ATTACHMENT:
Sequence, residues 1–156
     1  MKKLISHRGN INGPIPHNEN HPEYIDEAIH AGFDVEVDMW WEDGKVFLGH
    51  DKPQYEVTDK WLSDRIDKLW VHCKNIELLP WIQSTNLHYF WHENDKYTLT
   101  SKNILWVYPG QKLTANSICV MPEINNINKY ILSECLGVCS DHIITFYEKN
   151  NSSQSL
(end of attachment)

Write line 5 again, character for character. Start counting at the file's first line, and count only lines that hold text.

   151  NSSQSL